This Maida Vale pub just screamed England to me. It was here we found out what Russel Brand meant when he sang, “Will you come for my bangers, my beans and mash”. Or, maybe he means something else.

I distinctly remember this was the moment I almost pooped my pants. I also recall thinking, “This is how we die.”

We took the train from Birmingham to Coventry, because driving was a big “NOPE” (I eventually got brave and became one of the most proficient American drivers the British Isles has ever had the good fortune to host). This is Coventry Cathedral. It was hauntingly beautiful.

Did ya’ll know Lady Godiva is one of my ancestors? It’s true. I was so excited to visit her statue, but, sadly…

…it’s not quite as grand as Primark.

Wait, y’all have dollar stores too, but everything is a pound (which is like a dollar, but not)? Mind blown.

British motorway rest stops are like freaking palaces!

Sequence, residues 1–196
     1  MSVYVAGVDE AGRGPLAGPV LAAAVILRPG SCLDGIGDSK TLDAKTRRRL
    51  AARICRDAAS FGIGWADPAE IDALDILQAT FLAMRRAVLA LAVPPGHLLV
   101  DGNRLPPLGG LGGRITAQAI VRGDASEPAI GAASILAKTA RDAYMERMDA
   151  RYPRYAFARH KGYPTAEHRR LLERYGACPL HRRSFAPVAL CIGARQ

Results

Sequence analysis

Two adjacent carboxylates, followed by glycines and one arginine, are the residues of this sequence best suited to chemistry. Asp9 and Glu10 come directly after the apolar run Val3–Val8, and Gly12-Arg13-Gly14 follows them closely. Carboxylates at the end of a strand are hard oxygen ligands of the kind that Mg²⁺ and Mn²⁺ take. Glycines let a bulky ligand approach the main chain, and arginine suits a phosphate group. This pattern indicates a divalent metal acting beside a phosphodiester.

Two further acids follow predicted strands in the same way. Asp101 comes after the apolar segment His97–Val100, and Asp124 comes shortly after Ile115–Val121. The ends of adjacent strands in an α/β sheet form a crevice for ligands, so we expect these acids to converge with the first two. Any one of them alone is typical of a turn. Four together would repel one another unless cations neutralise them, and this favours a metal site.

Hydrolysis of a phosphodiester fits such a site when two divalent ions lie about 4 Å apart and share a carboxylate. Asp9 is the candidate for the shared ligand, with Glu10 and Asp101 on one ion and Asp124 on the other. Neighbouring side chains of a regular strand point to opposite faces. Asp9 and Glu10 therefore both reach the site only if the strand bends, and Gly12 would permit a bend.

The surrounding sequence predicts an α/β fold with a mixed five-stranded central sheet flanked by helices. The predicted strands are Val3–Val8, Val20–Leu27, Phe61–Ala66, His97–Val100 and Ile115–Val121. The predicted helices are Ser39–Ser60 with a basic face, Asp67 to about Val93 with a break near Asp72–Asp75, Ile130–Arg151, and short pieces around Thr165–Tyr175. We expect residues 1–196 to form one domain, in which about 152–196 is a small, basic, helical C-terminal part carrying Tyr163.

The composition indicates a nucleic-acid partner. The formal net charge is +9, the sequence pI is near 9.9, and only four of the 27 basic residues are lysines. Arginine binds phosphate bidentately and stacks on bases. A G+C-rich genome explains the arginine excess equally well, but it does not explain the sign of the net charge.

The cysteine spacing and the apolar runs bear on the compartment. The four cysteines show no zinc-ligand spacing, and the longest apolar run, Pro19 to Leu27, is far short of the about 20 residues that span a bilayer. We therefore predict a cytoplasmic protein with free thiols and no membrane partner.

The Conwy Castle ruins in Wales was my favorite castle. We were there, exploring, for hours.

The flowers growing out of the castle walls were almost too quaint.

I mean, just look at this!

Who knew one could find palm trees in Britain? Llandudno was exquisite.

I.did.not.want.to.leave.

WTF? I ate one. That’ll show them.

This was our one splurge stay. This is the Radisson Blu in Dublin. The grounds were my favorite part. This is where we discovered that Ireland’s air conditioning is not like “our” air conditioning. Hot.as.balls.

Kilkenny was quaint af. We wanted to stay at this hotel. It was way out of our budget, so the Pembroke Hotel was the lucky winner of hosting us for our barf-tastic wild Irish night.

TOO MUCH PRETTY

Y’all think this person likes Elvis?

It’s almost just as romantic as Italy. Except they were laying on the concrete in a pretty sketchy part of town outside an apartment building. Young love.

But, someone left kegs there. I found this way funnier than it really was.

Blarney Castle was awesome. I didn’t kiss the Blarney Stone, because Rick Steves said I’d get the herp if I did.

Eeeeeeeeeeeee